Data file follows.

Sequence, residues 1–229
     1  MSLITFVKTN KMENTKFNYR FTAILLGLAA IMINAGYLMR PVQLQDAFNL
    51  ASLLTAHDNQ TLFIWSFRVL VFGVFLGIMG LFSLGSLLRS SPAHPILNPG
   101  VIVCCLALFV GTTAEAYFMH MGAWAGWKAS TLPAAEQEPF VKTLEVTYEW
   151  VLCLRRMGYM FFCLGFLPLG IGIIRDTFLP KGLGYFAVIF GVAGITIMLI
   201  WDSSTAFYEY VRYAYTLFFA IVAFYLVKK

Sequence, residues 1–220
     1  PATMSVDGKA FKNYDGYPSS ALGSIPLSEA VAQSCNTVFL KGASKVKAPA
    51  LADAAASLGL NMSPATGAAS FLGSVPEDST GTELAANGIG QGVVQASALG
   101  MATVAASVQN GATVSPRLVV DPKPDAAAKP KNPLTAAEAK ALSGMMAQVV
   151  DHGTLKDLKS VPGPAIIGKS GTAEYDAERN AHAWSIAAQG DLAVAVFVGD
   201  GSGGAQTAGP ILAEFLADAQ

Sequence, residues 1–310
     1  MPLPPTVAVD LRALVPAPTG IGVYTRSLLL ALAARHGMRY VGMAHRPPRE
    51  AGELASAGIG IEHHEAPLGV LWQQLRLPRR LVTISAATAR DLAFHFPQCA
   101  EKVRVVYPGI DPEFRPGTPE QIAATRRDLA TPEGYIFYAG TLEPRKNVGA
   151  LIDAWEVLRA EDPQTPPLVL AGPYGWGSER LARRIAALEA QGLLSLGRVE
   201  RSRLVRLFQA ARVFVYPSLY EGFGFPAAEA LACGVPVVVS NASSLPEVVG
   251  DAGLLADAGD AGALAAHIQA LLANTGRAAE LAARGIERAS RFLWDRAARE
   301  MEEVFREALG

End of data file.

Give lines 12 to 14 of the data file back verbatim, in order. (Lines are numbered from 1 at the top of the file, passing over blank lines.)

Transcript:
   201  GSGGAQTAGP ILAEFLADAQ

Sequence, residues 1–310
     1  MPLPPTVAVD LRALVPAPTG IGVYTRSLLL ALAARHGMRY VGMAHRPPRE